Harvest festivals will always have a special place in my heart because it was at one such service that I first began to suspect that I would end up in full time Christian ministry. I didn’t tell anyone of course. I was hardly a teenager at the time, but I can still recall sitting in our local parish church sensing that I would end up working for the church one day.
I assumed it would be in the Church of Wales but that was not to be the case because I went through a long period of doubt, and even aggressive atheism before I finally gave in and became a committed believer, when I was reluctantly attending a Baptist church. And even then, the thought of becoming a minister never entered my head. I was very happy teaching History and French and I had my career mapped out. Or so I thought! But all that changed on one dramatic night, and I became a Baptist Pastor.
Looking back now, I can see that I came to faith as a result of trying to discredit and to disprove the Bible. But as I did I discovered that the famous 19th century preacher Charles Spurgeon knew what he was talking about when he said ‘Defend the Bible? I’d sooner defend a lion. You don’t defend the Bible, you open its cage and let it roar’.
I was reminded of this when I came across a news story headlined ‘In China, the harvest is plentiful but the workers are few’. It was more than fascinating, it was hugely encouraging because James Howard-Smith was able to say ‘Religious activity, particularly by foreign organisations, is still heavily restricted in China, and we’ve taken care to cultivate a relationship with the authorities that over the years has borne fruit. Since 1987, when Bible Society was invited to set up Amity Press in Nanjing, 90 million Bibles have been printed for distribution in China’.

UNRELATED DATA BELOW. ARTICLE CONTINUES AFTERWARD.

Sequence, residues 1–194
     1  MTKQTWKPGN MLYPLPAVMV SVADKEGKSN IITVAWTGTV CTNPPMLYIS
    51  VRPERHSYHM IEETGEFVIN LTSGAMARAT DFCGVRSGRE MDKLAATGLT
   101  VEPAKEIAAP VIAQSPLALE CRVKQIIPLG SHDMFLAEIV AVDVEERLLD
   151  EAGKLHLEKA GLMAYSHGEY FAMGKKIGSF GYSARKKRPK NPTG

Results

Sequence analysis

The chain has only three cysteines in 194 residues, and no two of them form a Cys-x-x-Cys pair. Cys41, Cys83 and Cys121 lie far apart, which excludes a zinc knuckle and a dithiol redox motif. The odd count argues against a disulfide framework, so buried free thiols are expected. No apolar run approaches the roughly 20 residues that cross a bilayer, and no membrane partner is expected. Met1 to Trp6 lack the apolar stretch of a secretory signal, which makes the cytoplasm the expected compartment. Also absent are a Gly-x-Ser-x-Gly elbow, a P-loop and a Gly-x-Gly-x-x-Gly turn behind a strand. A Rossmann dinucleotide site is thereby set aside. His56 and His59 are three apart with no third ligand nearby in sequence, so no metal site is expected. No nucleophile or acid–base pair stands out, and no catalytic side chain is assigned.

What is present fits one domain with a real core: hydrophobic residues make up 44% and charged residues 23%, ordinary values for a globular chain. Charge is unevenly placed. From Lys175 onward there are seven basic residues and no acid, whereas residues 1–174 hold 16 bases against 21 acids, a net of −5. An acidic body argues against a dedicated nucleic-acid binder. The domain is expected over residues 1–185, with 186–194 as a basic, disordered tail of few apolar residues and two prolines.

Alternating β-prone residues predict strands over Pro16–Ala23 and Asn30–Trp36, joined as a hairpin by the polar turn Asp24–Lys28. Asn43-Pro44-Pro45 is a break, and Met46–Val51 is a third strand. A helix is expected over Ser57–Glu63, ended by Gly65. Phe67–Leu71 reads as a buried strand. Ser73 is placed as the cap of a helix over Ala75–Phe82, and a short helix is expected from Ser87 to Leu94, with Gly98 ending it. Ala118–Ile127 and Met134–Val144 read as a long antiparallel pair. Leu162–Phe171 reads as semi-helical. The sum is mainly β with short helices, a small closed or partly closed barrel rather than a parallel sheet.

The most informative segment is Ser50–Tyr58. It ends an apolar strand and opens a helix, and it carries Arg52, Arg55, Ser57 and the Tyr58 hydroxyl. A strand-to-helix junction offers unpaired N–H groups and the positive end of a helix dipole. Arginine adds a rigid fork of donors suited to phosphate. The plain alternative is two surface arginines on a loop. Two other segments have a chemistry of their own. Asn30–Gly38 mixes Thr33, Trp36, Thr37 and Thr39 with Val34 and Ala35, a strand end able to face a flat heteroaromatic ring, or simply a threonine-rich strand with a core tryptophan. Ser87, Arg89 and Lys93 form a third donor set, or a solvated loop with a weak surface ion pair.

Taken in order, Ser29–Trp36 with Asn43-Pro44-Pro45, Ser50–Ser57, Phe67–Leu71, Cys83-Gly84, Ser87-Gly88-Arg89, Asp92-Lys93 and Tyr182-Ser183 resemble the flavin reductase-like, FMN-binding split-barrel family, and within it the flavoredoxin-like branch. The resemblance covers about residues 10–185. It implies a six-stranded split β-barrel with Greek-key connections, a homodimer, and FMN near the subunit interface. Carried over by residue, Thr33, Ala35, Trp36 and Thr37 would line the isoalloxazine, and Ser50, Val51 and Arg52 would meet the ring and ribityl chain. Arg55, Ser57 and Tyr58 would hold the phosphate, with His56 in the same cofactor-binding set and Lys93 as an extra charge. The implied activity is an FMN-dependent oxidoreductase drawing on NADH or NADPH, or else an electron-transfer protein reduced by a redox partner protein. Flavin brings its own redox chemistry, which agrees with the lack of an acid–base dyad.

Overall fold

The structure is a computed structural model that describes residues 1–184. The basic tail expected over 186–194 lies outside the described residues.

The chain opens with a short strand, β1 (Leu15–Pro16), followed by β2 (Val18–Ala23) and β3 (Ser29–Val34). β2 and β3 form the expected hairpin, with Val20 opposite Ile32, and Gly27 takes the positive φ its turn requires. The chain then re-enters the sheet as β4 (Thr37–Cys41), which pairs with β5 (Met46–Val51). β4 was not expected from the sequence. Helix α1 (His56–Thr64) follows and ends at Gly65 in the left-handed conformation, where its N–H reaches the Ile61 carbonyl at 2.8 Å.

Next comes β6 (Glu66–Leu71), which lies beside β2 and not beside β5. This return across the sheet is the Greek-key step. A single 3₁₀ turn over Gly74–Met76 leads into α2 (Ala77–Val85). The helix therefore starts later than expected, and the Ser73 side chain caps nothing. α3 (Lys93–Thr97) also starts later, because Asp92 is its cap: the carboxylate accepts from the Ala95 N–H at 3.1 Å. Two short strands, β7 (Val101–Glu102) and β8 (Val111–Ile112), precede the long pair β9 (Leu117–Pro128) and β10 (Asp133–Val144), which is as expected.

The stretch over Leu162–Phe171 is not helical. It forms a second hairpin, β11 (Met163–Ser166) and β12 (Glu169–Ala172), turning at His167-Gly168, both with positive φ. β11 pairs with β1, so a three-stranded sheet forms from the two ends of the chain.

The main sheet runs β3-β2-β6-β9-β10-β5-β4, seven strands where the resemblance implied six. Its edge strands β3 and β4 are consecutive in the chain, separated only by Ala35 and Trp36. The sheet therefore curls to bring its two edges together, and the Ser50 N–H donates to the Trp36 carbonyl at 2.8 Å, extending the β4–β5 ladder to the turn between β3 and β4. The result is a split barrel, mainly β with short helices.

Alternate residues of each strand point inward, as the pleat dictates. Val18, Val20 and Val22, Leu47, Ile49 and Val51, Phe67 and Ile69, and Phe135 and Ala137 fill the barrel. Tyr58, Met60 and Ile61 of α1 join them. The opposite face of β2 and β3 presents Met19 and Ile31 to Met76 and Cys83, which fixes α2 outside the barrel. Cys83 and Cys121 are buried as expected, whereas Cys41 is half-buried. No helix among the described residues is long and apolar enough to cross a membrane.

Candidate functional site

As a result, people are coming to faith in such numbers that there aren’t enough leaders to deal with it. Howard-Smith continued ‘The living word has filled to bursting China’s reopened churches, overstretching the very limited availability of ministers. On average, more than 6,500 Christians will be served by a single ordained pastor, mostly in less affluent areas, not at all representative of China’s new wealth’.
And the Bible is clearly the key to this explosive growth. As one Chinese church leader said, “The Church in China is experiencing a revival because the word of God is like wood in the fire.”
Sadly, the Bible seems to be shaping our culture less and less today. It could even be argued that we are witnessing a similar trend in sections of the church too. A recent poll for example discovered that only six per cent of British adults read or listen to the Bible, while 55 per cent of those who describe themselves as Christians said they never do so. And one evangelical Bishop has gone so far as to say that following its vote to bless same-sex partnerships the Church in Wales has essentially turned its back on the Bible and chosen to “go with contemporary culture”.
Like the tide however, church attendance and religious faith ebb and flow, but whatever may be happening in any one geographical area nothing can stop Jesus reaping a harvest in the most unpromising of soils. That’s why I am not disheartened. If it can happen in the home of ‘The Little Red Book’ it can happen anywhere, even in Wales. Perhaps it’s time for the church to ‘open the cage’ a bit more so that the ‘lion can roar a lot louder’.